It reminded me of the study in Thinking Fast and Slow, where Daniel Kahneman describes working with the Israeli Air Force. The data showed, time and again, that rewards for improved performance worked better than the punishment of mistakes. Nonsense, the flight instructors insisted. Disciplining cadets for bad execution led to better attempts the next time, while praise invariably led to complacency, and a mistake in the near term. However Kahneman explained that poor performance was typically followed by improvement, as excellent performance was followed by a drop-off, the idea that performance followed first regression to the mean, rather than the intensive influences of the teachers, was a pedagogical bridge too far. What role did the instructors play in such inevitabilities? 

Our goal, when we started swim lessons, was to get Walt water-safe by the start of summer. With three boys under the age of five, we wanted to arrive to the various swimming pools and cabin-home visits with at least one hearty swimmer. Walt is nearly there. He flits and floats with the best of them, kicking his legs mightily, lurching under the water and popping his head up to turn the goggles inside-out and look up from the step. I have a few hundred videos of the sequence on my phone. Walt loves his teacher. He knows his schedule inside and out, and he likes to ask, every day, whether it’s a swim lesson day. Really, Sam is our natural swimmer. From the first moment we lowered him into the water, he squealed and poked his way across the pool, albeit in our arms. But Sam is only two years old. Walt showed no interest until suddenly, one day, he did, and since swim lessons start at age three, he became our designated dog paddler.

There’s a fantastic moment in The Empire Strikes Back when Han Solo tries to jump the Millenium Falcon into light speed, only to find that the hyperdrive is broken. The deflector shields are failing. The star destroyer is only a good hit or two away from destroying it. It’s not fair, Han says, It’s not my fault!



This is maybe Han’s finest moment. He puts the Falcon into attack position, steering the Falcon into the enemy’s blind spot, where it seems to disappear. There is a nice moment of camp as the Falcon passes over the bridge of the enormous enemy ship. The captain and his first mate duck. I didn’t remember that detail until I heard it on the Star Wars Minute podcast, and the video shows it clearly. For all of Han’s bravado, he’s a pretty decent pilot. Despite the enormous ship and all of its technology, his implacable calm at having to visit Darth Vadar to deliver the bad news, Captain Needa loses the smaller ship. He is probably a good pilot, too, but he is most certainly toast.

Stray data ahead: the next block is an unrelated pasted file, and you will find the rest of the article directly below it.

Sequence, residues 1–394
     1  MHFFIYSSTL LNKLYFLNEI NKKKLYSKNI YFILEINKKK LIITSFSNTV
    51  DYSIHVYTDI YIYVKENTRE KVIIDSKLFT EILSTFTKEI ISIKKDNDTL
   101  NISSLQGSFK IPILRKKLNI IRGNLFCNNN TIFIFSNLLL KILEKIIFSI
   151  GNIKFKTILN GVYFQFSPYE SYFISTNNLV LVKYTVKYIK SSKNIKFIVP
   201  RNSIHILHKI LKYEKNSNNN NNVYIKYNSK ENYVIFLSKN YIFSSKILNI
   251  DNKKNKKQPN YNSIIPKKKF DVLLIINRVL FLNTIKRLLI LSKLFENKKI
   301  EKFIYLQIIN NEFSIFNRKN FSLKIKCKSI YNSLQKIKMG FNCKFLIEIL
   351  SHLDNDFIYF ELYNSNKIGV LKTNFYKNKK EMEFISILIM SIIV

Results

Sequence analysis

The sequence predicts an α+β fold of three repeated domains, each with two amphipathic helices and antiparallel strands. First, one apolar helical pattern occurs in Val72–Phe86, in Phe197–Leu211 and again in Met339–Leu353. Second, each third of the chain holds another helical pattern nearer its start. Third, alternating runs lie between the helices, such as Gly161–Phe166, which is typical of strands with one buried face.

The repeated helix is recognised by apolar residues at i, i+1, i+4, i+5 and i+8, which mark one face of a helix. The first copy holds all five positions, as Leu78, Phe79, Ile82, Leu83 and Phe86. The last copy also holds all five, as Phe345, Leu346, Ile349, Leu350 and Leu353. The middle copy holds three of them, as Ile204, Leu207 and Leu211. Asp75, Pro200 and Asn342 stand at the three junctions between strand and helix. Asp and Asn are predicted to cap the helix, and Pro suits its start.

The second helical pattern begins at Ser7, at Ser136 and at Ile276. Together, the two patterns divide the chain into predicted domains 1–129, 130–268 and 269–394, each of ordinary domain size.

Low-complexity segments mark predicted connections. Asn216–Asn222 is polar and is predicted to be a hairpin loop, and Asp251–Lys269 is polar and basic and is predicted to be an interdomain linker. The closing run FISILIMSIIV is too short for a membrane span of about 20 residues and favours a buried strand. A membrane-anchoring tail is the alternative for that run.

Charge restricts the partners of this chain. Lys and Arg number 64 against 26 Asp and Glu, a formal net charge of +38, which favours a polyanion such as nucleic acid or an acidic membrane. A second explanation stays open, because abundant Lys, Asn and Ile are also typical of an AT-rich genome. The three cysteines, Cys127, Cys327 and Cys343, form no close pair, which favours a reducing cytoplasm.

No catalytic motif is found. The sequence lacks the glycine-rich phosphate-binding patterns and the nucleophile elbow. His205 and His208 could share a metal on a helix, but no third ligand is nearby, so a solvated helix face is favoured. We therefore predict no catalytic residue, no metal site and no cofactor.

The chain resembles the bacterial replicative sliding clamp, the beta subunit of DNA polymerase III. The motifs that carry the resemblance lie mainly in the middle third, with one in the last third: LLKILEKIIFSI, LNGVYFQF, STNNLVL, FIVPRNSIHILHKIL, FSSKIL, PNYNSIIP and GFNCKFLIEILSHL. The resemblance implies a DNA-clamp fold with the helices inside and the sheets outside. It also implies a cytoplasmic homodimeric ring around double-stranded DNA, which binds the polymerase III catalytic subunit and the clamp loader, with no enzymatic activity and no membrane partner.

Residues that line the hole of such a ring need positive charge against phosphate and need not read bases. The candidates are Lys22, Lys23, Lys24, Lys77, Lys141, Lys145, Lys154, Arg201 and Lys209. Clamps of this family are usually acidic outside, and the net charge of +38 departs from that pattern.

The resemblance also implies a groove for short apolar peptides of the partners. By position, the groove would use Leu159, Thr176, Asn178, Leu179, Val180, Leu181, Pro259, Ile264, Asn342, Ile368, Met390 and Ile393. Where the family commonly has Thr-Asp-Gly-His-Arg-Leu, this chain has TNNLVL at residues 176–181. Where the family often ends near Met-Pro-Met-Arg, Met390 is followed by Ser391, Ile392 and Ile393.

I know that I harbor an unhelpful pessimism, bordering on cynicism, to think that fighter pilots will improve only with positive reinforcement. I trust that the data shows what it shows. I’d like to live in a world where constant encouragement forms the bedrock of real learning. But I know it isn’t true. Or, I suspect it isn’t, at least not without risking that worse form of discouragement, benign neglect, by which every encouragement becomes an excuse for just not thinking too hard. Of course, I'm biased. I do my best work when I am writing in the shadow of some impending failure, however imagined. I don’t really want my boys to grow up with that kind of doubt but I also worry that they might never push themselves very hard to do anything well without it. What I like about cognitive behavioral therapy is how there is a through-line to everything. Every behavior follows some precedent. Every context is interrelated. Like the Star Wars expanded universe encompassing every licensed and unlicensed manner of books, comic books, video games, toys, and other assorted media beyond the original movies, there is seemingly no way forward that does not also require simultaneously doubling back to check for consistency and logic while also altering the narrative to conform better to the present moment. Which is to say, the explaining itself becomes a kind of creative sense-making: entirely democratic, and also, full of irresolvable contradictions.